on 10 April 2014.

Lots of hype surrounding the new Kevin Costner football movie, Draft Day.

The timing is really right for this movie to be made for many reasons. Because of the explosion of sports TV and social media, the actual draft day in the NFL has become the Oscars for young men.  It is a gigantic hyped media event, carried live on ESPN and social media, where guys can watch the wheeling's and dealing's of their favorite teams getting ready for the next season. Plus, Americans love football and it is tough to get a football fix this time of year. Also, this was filmed almost exclusively in Cleveland and Berea, home of the Browns.

Draft Day  is a fictional story of the very real Cleveland Browns, and their young and rogue general manager, Sonny Weaver (Costner).   He is at odds with the teams owner over what direction to take the Browns after many losing seasons.  So on draft day, he begins to strike deals with many other NFL teams for better draft positions, and picks.  All the while trying to balance his personal life, including his love life with Allie (Jennifer Garner), who he is having a relationship with in the office.  Sound boring?   It's not, this is a pretty good movie.

This is certainly entertaining.  And that is something that has been getting lost at the movies the past few years. We have become so preoccupied with effects, noise, computer generated sets, animation and superheros, it's refreshing to see a movie that is simply...simple.  This movie in it's feel, is very reminiscent of the Jackie Robinson flick last year in April, 42, starring Harrison Ford as Branch Rickey.  That too was entertaining.  Neither one of these movies are going to rewrite cinematic history, but they both are fun to watch.

Costner is very well cast as the lone wolf Weaver, and this is a gigantic role.  He just might be in every meaningful scene. And quite frankly, he delivers.  You do believe that he is Weaver, and you don't feel like you're watching a big movie star.  In that sense, it is reminiscent of Brad Pitt in Moneyball  two years ago.  Funny, Costner, Pitt and Ford, may actually give us career performances in some pretty good sports movies in the past few years. And none of them play sports figures.  They play the complex men behind the game.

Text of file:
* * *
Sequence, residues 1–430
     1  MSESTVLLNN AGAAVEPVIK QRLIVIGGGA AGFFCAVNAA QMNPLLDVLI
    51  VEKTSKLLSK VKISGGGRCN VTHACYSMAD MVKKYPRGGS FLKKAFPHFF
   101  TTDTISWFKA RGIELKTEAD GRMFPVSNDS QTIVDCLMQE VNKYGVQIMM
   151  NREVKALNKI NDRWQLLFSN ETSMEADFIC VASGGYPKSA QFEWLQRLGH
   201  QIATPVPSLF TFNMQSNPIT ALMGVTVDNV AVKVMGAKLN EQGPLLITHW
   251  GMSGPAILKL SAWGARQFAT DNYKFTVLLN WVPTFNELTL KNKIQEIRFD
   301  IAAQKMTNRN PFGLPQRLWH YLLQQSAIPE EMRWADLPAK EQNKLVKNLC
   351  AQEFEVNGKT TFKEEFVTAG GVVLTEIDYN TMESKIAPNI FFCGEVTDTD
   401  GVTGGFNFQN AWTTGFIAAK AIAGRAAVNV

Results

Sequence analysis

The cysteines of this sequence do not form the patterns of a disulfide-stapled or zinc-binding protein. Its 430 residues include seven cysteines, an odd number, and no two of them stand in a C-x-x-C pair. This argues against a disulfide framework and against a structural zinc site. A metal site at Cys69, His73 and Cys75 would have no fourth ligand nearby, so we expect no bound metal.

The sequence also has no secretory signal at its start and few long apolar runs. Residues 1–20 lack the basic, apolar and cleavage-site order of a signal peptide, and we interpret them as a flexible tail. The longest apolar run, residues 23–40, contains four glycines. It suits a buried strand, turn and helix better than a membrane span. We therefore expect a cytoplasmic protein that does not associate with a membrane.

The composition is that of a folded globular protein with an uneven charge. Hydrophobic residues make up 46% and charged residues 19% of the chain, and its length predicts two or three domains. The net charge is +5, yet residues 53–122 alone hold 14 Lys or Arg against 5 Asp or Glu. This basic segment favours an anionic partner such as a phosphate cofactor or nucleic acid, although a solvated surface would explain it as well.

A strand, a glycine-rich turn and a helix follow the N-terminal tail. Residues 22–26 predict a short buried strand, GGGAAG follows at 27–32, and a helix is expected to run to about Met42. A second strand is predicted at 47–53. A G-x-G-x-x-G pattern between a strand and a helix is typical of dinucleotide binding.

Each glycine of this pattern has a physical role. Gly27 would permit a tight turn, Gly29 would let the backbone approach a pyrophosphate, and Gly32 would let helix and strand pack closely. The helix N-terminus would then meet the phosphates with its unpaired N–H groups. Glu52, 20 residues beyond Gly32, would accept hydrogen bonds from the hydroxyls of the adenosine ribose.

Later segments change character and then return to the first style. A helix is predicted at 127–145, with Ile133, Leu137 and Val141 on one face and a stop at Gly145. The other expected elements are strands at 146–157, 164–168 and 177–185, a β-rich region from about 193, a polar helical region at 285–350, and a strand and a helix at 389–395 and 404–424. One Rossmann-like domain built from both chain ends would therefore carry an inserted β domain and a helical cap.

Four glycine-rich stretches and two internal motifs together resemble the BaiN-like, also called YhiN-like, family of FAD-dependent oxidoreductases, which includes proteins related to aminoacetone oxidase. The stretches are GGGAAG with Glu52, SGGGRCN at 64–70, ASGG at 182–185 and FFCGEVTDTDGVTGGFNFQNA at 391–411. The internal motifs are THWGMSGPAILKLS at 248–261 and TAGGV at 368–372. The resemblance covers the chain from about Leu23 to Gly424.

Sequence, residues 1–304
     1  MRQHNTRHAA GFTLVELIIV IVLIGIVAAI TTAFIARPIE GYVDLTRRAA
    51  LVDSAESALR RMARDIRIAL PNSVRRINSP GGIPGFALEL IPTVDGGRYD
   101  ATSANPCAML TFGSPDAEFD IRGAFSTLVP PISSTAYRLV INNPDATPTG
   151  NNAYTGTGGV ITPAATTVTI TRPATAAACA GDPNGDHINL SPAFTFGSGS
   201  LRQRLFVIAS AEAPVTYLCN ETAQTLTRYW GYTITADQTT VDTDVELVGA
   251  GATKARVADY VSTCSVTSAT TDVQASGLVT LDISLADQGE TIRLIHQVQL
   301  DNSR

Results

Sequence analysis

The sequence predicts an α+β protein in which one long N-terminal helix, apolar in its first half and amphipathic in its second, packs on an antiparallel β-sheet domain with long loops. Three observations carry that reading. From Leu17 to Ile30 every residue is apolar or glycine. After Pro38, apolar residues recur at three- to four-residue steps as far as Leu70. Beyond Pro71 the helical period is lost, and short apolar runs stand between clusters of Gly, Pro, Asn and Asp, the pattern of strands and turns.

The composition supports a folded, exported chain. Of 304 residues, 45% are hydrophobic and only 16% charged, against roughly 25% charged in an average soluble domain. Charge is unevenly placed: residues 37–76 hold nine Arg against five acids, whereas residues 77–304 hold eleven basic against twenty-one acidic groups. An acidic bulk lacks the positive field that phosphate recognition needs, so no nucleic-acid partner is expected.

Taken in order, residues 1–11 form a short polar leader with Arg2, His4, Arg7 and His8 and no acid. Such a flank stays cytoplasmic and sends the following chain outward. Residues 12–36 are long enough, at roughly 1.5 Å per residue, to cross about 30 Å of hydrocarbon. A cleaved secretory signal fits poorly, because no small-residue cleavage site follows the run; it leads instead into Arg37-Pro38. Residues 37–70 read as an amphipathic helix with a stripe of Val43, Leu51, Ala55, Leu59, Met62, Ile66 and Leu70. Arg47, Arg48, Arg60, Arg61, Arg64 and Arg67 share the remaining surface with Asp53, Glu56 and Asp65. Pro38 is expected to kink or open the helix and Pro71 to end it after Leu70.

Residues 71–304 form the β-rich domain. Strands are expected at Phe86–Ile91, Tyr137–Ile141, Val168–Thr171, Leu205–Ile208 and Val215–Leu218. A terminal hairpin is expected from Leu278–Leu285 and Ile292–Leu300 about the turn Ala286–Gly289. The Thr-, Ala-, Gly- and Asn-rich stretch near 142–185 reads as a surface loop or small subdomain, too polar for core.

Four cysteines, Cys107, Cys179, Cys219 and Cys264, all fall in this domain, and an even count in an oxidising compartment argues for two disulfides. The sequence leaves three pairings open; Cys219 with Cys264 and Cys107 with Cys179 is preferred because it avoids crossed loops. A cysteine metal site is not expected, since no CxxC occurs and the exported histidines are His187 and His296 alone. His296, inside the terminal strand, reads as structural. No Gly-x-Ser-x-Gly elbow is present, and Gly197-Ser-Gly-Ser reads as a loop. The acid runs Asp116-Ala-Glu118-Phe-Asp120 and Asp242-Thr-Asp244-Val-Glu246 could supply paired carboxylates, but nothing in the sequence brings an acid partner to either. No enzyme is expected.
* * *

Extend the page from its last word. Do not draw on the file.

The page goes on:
The formula in these three movies is really smart.  Make a sports movie that is way beyond the actual sport.  Develop great characters, and put them in our world with sports a part of it, and not the only thing in it.  You don't have to be a sports junkie to enjoy any of these movies, and that really pertains here.  Anyone can jump in and hang on watching this movie.


They explore the toll of draft day from many angles. The team, other teams, Sonny's, his family and friends, the owner, and the players being drafted.  It takes us inside the process, (understanding this is fiction), and shows us to a degree what this is all about.  I always respect movies that take us to places we have never been. And this is an original story, so extra points given.

This does have some writing problems in places, and there are a few too many sidebars for my taste, but none of that is a deal breaker.  Over all this is fun, entertaining, and most importantly does not wear out it's welcome, checking out at about 1 hour and 35 minutes.  Great decision. There was no more story to tell, and they didn't force it on us.

Draft Day.  Entertaining, worth a ticket. 

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